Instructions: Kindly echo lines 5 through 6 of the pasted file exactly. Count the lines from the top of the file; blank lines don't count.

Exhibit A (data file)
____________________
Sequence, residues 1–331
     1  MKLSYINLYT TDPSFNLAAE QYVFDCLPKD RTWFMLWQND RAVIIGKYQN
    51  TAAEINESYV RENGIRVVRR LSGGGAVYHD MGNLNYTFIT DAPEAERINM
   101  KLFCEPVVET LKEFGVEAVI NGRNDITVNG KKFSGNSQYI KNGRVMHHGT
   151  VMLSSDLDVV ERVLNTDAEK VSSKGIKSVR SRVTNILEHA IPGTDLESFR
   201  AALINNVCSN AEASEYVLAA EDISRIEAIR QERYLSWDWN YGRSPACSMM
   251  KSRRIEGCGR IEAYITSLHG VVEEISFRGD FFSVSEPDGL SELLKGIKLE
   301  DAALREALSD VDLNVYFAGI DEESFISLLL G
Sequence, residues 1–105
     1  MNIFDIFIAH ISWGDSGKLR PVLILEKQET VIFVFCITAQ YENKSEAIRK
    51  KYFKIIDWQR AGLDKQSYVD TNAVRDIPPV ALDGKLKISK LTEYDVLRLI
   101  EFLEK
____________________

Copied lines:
   151  VMLSSDLDVV ERVLNTDAEK VSSKGIKSVR SRVTNILEHA IPGTDLESFR
   201  AALINNVCSN AEASEYVLAA EDISRIEAIR QERYLSWDWN YGRSPACSMM